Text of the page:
agree with changes forced through by the political elite ... we don't want riots
like in Paris and we don't want to hold back the country's development," he
continued. "This is why we ask for understanding."
Hungary joined the European Union in May 2004, and must reduce its deficit to
three per cent by 2008 in order to meet the Maastricht criteria for Euro
adoption in 2010.
The deficit has grown dramatically, as Hungary was forced to factor in various
hidden costs, and the government has come under pressure from the European
Commission to take action to reduce its deficit. The European Commission
announced it expects the deficit, after being 6.1 per cent in 2005, to stand at
6.7 per cent in 2006 and 6.9 per cent in 2007. The targets in Hungary's
convergence programme were 3.6 per cent for 2005 and 2.9 per cent for 2006.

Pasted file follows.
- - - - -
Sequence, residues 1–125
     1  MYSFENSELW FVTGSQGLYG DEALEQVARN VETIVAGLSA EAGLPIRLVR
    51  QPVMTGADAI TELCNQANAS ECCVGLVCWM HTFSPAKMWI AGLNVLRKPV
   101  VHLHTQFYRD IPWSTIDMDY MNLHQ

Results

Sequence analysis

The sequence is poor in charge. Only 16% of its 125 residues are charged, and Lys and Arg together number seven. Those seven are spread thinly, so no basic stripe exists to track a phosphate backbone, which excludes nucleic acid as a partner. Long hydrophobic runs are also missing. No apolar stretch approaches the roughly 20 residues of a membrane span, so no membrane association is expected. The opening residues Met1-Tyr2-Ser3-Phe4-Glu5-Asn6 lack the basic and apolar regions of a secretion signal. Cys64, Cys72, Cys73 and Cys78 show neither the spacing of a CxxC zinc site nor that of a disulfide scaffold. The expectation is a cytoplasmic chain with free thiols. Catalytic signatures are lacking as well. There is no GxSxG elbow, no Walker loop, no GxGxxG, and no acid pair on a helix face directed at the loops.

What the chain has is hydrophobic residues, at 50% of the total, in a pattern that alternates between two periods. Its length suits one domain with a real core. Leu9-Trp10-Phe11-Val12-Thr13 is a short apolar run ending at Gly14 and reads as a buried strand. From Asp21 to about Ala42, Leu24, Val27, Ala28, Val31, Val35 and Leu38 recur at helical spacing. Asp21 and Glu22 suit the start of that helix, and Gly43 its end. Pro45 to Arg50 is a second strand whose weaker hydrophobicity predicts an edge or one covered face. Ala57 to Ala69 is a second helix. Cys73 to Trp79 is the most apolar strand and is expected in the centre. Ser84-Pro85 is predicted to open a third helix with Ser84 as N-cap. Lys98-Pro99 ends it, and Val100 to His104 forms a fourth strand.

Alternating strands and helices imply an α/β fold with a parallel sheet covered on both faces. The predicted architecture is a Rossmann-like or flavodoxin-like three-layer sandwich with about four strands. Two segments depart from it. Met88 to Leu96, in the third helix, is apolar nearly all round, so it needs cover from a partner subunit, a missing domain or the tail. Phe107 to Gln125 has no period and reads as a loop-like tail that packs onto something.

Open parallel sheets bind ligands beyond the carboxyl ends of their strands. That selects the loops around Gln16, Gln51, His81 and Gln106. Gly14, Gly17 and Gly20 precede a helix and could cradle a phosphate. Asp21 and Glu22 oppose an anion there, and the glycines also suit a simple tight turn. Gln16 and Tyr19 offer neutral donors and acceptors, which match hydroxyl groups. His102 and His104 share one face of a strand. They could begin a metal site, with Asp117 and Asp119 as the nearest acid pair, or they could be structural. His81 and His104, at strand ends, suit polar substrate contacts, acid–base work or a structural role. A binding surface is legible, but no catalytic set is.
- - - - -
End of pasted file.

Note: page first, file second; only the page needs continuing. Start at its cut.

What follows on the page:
Gyurcsany had already said that public spending would have to be cut by US$1.45
billion (1.2 billion Euro) per year to get the deficit down to Maastricht
levels, cuts he described as "too harsh." Barroso also met Viktor
Orban, the leader of the main opposition party Fidesz. Orban said he had asked
Barroso not to authorise sanctions against Hungary.
"I asked him not to punish the Hungarian people just because the government
hasn't told the truth about the budget over the last three years," Orban
Barroso refused to comment on the deficit issue, simply saying that he was sure
that Hungary understood the importance of a stable fiscal environment.
Orban's Fidesz still ahead
The opposition Citizens Party (Fidesz), which only narrowly lost last time, has
extended its lead, according to a poll by Szonda Ipsos. 31.4 per cent of
respondents would support Fidesz - led by former prime minister Orban - in the